As noted previously, Russians are not especially time-conscious and are reluctant to schedule meetings of any importance on Mondays. Anticipate meetings beginning late and running much longer than scheduled. Also be prepared to have unexpected participants attend the or to have last minute cancellations. Though it is never useful to lose your temper, you can and should express your dissatisfaction when seeking a rescheduling for a cancellation.


When meetings do begin, often after several late arrivals, they will drag on. Stamina and persistence are required. Be well prepared by keeping a clear agenda and, until specific details are required, it is advisable to keep to a broad, well informed plan. Tell your interpreter they must divulge every single word of what is said, regardless of how inconsequential they may regard it.

Russians will know if you have done your homework, so be prepared. If you do not want to embarrass yourself, it is imperative to have a thoroughly researched business plan in the context of the Russian market or industry.

If you must ask questions about a proposal during a presentation, wait until the person has finished speaking before doing so. Do not interrupt. If you disagree with positions taken during the meeting, it is best to leave some “wiggle room” for the person you are questioning. Causing anyone to become embarrassed by your line of questioning is to be avoided.  Wherever something is unclear, it is often worthwhile to follow up afterwards through correspondence.


It is extremely likely that at least one person will smoke during the meeting – and often heavily. The only known remedy for this is if a woman remarks that she is allergic to smoke. Any other request to not smoke will be considered insensitive at best and both ignorant and offensive at worst.

Meetings end when your hosts decide they end. Your best guide to a meeting’s success will be the amount of hand shaking and back slapping that occurs afterwards. Of course the more, the better.


Doing the Deal

In any interaction in Russia, always maintain eye contact with whomever you are speaking with. Failing to do so will cause suspicion amongst Russians and should provoke the same reaction in you.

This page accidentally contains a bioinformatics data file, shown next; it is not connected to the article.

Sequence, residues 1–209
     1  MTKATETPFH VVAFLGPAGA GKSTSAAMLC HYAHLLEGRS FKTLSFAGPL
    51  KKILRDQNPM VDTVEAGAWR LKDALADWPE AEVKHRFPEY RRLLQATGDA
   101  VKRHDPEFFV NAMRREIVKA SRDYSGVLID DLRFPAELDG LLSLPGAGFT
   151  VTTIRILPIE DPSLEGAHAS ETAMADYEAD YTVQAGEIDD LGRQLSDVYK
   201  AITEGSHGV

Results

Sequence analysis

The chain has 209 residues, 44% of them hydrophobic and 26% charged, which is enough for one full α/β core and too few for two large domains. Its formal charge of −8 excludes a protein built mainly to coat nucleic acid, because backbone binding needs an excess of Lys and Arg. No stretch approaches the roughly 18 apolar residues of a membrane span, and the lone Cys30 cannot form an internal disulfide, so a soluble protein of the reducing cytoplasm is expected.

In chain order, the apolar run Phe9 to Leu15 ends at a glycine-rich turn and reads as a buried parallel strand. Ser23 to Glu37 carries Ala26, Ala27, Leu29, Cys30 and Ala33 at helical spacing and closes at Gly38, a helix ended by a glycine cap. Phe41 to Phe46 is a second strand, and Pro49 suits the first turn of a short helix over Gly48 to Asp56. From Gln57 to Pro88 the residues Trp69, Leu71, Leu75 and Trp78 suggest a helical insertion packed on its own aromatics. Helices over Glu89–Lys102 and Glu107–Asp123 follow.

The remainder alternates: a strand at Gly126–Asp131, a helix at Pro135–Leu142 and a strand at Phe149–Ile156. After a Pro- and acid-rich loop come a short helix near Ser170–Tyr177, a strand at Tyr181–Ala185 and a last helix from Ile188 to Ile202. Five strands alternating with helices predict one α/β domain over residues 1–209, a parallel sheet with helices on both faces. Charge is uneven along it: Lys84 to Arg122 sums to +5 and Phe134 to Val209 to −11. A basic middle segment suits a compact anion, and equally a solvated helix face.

When business negotiations begin, you will almost certainly be asked to present your side first. Russians are much better tacticians than they present themselves to be and it is useful to appreciate that chess is to Russia what baseball is to America.

Generally speaking, there are three broad strands to Russian negotiations.


The “you cheat” approach will argue that your firm or a similar one lied and cheated in previous dealings. Keep calm and without making things personal, offer an alternative version with Russians responsible for the deception and failings. Do not make the mistake of laying blame at a personal level. Keep your tone civil and maintain your composure.

The “crazy time waster” ploy can actually be separated into separate strategies. In the “time waster”, months of negotiations will be met with the opposing negotiator claiming they lack the responsibility to make a decision. In the “crazy” tactic, the proposal offered is so incredibly outrageous and one-sided that no reasonable person would agree. Both of these strategies are intended to test the limits of your enthusiasm and determine the point at which your urgency exceeds your judgement. The best method of dealing with ridiculous demands is to respond with your own and then negotiate downwards. The time waster is a standard stalling tactic which is best confronted with patience, though this can often become the final straw which legitimates breaking off negotiations.


Finally, the “corporate caring” strategy will see appeals made on behalf of the “poor workers” who might stand to lose their jobs unless a deal is made. The most reasonable response to this is a reminder that what is good for a profitable company tends to be good for its workers too.

When negotiations are resolved, the fine print of the deal should be exhaustively poured over by your counsel. As has been mentioned previously – do not sign a single document you are not absolutely confident about.

Because the legal system in Russia continues to wrestle with international agreements over issues like copyright, it is often a sound strategy for joint ventures to use a neutral third country (such as Denmark, Sweden or Norway) to arbitrate disputes.


Socializing and Entertainment

If invited to someone’s house, you must go. To do otherwise would be considered deeply insulting. You should arrive with a small gift of wine, or perhaps flowers. Do not enter a home with your shoes on, nor walk around someone’s house in your socks. You host will likely have a pair of slippers to offer you when you arrive. When meeting other guests, always stand to greet them. Never refuse a second helping of food when it is offered, as it always is. Never point or gesture with a utensil.


Russians enjoy drinking and are amongst the heaviest drinkers in the world. Alcoholism is a national problem. If you spend any length of time in Russia, there’s a good chance you may find yourself in a restaurant full of boisterous, loud and very drunk people. You may even see a fight break out, or patrons stumbling over one another. Though this is unsettling for westerners, you should not, under any circumstances, involve yourself or create a scene. If you are being disturbed, finish your meal quickly and leave. Of course, if the revellers are your business cohorts celebrating after a particularly successful meeting, your options are more limited.